William Townsend, a dairy farmer and cheesemaker in Vergennes, Vermont, was ahead of his time. In 1839 Townsend, who began producing cheese on his farm in 1828, wrote a book titled The Dairyman‚??s Manual: Containing Some of the Most Important Processes from the Best Sources for Making Butter and Cheese. Townsend offered the following explanation for why he wrote his book: ‚??Is it not a fact that successful dairying (that is, cheesemaking and buttermaking) requires more skill, regularity and order, than any other branch of the farming interest? And is it not a fact that our farmers generally are in want of information and rules for every day use and reference on this important subject, and that too, in a condensed form and always at hand. There can scarcely be two opinions upon this question. Therefore, the appearance of this book. . . . Our desire is to diffuse knowledge and elevate the character of our dairies, and our effort has been to merit the favorable notice of the public, and render this little work a necessary inmate of every well regulated farm-house.‚?Ě Townsend understood that quality was key to the future of farmstead cheesemaking in Vermont, and that sound technical knowledge combined with craftsmanship was the key to attaining such quality. In his book Townsend cataloged proven practices that had been developed by successful cheesemakers like himself through years of experience. He also championed the integration of new technologies, such as the routine use of the thermometer, into the craft of cheesemaking.
What Townsend couldn‚??t have foreseen in 1839 was that the factory system of production (the first cheese factory began producing cheese in 1851), combined with rapid advances in technical knowledge, would soon transform cheesemaking in ways unimaginable at the time. Farmstead cheesemaking became a casualty of that transformation and virtually disappeared from the American scene by the end of the 19th century. Industrial cheesemaking was here to stay.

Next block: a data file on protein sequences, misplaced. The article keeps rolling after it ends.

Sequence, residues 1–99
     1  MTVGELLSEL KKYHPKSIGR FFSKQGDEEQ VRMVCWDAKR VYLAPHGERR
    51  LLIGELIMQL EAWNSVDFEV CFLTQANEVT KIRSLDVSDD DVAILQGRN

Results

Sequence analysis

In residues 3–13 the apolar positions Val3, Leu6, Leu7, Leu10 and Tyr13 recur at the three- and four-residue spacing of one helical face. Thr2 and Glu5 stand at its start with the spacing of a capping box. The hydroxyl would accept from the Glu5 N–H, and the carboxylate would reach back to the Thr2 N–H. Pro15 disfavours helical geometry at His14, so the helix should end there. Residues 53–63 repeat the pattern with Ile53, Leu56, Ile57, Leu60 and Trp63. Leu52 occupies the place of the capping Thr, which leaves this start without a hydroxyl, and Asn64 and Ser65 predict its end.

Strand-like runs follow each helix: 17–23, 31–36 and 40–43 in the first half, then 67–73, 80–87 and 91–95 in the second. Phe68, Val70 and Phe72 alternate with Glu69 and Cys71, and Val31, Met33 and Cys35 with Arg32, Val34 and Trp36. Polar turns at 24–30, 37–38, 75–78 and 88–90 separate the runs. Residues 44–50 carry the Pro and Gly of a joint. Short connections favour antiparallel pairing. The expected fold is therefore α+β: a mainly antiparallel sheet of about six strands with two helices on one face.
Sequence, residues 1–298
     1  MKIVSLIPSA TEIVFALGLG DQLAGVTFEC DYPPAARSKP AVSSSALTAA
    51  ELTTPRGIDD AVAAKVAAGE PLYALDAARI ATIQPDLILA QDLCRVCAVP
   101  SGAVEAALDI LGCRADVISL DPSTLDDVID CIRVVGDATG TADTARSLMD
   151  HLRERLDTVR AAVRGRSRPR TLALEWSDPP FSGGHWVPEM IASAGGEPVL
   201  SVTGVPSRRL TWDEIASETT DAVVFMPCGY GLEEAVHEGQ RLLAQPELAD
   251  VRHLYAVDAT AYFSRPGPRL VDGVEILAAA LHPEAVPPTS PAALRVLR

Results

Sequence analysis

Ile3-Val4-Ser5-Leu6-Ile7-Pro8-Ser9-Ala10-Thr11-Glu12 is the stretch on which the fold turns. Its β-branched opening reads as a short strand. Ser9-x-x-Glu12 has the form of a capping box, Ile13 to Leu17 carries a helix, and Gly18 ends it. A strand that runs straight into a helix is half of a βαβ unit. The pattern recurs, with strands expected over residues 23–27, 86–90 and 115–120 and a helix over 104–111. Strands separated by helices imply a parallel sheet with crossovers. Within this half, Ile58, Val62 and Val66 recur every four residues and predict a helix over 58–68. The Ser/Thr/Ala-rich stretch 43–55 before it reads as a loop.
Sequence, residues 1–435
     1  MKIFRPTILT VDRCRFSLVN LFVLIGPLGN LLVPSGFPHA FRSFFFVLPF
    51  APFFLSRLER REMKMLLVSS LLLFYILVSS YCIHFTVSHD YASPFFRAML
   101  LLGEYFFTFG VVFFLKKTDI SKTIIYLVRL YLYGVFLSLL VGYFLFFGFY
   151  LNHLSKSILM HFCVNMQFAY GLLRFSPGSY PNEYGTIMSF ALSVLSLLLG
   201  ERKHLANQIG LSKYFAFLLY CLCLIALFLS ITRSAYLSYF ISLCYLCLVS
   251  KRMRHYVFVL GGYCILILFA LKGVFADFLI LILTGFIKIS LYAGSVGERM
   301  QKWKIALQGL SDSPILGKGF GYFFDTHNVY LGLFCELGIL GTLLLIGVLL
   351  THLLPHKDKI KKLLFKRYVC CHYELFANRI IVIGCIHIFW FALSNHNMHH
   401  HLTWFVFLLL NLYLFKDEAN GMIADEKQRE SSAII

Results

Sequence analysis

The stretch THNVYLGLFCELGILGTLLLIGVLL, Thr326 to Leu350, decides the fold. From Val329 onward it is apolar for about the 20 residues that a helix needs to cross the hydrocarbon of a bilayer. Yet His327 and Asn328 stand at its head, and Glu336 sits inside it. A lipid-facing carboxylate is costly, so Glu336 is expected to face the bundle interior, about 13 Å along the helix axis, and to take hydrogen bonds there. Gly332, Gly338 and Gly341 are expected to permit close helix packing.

When I joined the faculty at the University of Vermont almost 20 years ago, cheesemaking in my mind occurred in highly automated factories on a large scale. I had little interest in, or regard for, farmstead cheesemakers or the newly established American Cheese Society, the brainchild of my Ph.D. mentor, Professor Frank Kosikowski. So why have I spearheaded this book? Because I have changed. Years of interacting with farmstead cheesemakers in Vermont and watching them succeed brilliantly, as they demonstrated to the world that there is a place for farmstead artisan cheesemaking in America, slowly but inexorably opened my eyes and profoundly changed my perspective. I have come to understand, appreciate, and embrace Frank Kosikowski‚??s vision for traditional cheesemaking and cheese appreciation in America. This book is a celebration of Kosikowski‚??s vision.
But this book is more than a celebration. The American cheesemaking scene is changing and presenting new challenges to the burgeoning field of American farmstead cheesemakers. The quality expectations of the market and the regulatory requirements are becoming more demanding, and there is an ever-growing need for technical resources that are written specifically for farmstead cheesemakers and tailored to their particular needs. Like William Townsend, I see a ‚??want of information and rules for every day use and reference on this important subject.‚?Ě My sincere hope is that this book, like Townsend‚??s manual in his time, earns the right to become ‚??a necessary inmate of every well regulated farm-house.‚?Ě
Paul S. Kindstedt